Types Of Homeschool


Homeschool Approach Definitions

Classical homschooling uses a three-part process called the trivium. The early years of school are spent in absorbing facts, laying the foundations for advanced study. In the middle grades, students learn to think through arguments. In the high school years, they learn to express themselves.

Eclectic homeschooling uses a variety of approaches pieced together to create the best curriculum for the child. It is believed that each child needs the freedom to explore his interests and to take advantage of everything and anything that can be a learning experience.

Charlotte Mason method uses whole books and first hand resources rather than textbooks. It covers all core subjects and fine arts. Children are are trained to narrate (tell back) what they learned, keep a nature diary or notebook, and experience the natural world directly.

The Monessori method is a highly hands-on approach to learning. It encourages children to develop their observation skills by doing many types of activities. These activities include use of the five senses, kinetic movement, spatial refinement, small and large motor skill coordination, and concrete knowledge that leads to later abstraction.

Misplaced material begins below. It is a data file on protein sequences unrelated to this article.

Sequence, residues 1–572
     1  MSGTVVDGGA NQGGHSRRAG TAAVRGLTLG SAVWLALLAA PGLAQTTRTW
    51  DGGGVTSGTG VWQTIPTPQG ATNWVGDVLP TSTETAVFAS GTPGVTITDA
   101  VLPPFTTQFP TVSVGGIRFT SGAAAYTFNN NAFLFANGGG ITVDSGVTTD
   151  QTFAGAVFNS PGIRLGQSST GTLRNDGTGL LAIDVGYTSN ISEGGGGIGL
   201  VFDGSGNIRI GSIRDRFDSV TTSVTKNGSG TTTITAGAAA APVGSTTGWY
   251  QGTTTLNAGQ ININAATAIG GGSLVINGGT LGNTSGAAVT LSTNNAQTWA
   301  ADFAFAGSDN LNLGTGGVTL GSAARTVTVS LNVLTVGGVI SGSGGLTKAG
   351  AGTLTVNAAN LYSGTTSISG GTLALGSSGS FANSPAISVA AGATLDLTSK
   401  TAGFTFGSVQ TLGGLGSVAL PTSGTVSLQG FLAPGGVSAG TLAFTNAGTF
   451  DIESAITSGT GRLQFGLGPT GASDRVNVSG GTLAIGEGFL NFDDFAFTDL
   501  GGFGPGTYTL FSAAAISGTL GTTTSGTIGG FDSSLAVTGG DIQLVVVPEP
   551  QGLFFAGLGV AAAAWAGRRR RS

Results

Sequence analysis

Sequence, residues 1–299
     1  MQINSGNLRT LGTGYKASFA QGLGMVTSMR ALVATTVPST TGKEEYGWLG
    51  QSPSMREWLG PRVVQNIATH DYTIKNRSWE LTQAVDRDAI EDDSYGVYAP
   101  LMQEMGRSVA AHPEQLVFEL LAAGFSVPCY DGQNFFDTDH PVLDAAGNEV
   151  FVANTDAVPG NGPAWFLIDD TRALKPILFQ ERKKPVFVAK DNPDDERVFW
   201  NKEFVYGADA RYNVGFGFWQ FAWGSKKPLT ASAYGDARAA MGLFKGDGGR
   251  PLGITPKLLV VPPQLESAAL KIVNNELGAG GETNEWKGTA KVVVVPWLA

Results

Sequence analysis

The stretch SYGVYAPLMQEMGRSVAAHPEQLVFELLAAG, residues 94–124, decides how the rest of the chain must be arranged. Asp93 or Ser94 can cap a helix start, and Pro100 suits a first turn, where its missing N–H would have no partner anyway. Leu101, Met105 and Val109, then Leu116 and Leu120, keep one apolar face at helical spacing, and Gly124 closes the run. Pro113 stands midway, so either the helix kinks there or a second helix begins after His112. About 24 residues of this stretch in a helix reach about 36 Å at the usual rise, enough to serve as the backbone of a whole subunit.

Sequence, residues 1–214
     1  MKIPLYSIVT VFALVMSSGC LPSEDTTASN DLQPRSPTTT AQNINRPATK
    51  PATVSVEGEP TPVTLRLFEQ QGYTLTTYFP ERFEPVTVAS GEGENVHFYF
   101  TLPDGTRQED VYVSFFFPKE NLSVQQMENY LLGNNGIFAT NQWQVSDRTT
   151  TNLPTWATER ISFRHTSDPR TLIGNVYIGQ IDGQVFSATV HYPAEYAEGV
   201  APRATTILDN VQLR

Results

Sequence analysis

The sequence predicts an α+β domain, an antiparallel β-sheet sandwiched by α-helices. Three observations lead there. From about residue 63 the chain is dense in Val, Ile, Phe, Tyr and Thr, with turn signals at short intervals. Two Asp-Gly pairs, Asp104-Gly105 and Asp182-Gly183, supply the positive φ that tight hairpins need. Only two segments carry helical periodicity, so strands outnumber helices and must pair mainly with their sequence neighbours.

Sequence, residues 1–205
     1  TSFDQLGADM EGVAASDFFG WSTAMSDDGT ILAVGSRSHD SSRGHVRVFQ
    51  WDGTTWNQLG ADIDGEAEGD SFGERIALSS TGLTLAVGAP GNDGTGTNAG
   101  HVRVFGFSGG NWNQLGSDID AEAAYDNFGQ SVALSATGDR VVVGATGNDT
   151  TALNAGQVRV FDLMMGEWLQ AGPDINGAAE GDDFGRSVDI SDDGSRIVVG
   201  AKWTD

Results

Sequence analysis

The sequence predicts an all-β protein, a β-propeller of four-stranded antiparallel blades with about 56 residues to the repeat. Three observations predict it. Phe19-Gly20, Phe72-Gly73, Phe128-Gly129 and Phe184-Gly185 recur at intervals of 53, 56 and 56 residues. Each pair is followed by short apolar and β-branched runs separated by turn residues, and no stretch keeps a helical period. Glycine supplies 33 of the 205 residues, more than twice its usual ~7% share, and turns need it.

The Moore Formula is a Christian-based method that allows the child to develop at his own pace through informal education until the age of eight. Between the ages of eight and ten years the child begins formal education. The Moore formula is includes study, work and service. The child’s interest is the focal point for learning.

Structured or traditional homeschooling is the approach that most resembles education in institutional schools. In this approach, the child works on each subject separately every day. All learning is planned and followed by grade level. Those using this program often purchase structured curriculum with lessons, plans and tests included.

The unit studies approach integrates subjects under one unifying theme. It is often referred to as a multi-disciplinary or a thematic approach. It is an experiential, hands-on approach to learning. It is believed that when children go into such depth, and spend a generous amount of time on each theme, their retention of the subject is higher than in traditional methods.

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